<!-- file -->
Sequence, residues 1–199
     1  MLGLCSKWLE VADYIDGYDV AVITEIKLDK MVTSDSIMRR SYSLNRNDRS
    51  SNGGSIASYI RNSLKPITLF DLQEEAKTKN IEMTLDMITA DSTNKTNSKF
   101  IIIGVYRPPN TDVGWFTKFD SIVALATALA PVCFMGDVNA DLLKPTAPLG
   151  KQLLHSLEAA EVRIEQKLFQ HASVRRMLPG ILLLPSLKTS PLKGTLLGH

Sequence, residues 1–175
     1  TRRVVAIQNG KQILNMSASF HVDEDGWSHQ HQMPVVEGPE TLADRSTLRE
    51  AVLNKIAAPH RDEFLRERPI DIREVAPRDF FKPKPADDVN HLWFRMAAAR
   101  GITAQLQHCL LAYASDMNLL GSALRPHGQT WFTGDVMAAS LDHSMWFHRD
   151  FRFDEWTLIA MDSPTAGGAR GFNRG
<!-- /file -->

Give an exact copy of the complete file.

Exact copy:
Sequence, residues 1–199
     1  MLGLCSKWLE VADYIDGYDV AVITEIKLDK MVTSDSIMRR SYSLNRNDRS
    51  SNGGSIASYI RNSLKPITLF DLQEEAKTKN IEMTLDMITA DSTNKTNSKF
   101  IIIGVYRPPN TDVGWFTKFD SIVALATALA PVCFMGDVNA DLLKPTAPLG
   151  KQLLHSLEAA EVRIEQKLFQ HASVRRMLPG ILLLPSLKTS PLKGTLLGH

Sequence, residues 1–175
     1  TRRVVAIQNG KQILNMSASF HVDEDGWSHQ HQMPVVEGPE TLADRSTLRE
    51  AVLNKIAAPH RDEFLRERPI DIREVAPRDF FKPKPADDVN HLWFRMAAAR
   101  GITAQLQHCL LAYASDMNLL GSALRPHGQT WFTGDVMAAS LDHSMWFHRD
   151  FRFDEWTLIA MDSPTAGGAR GFNRG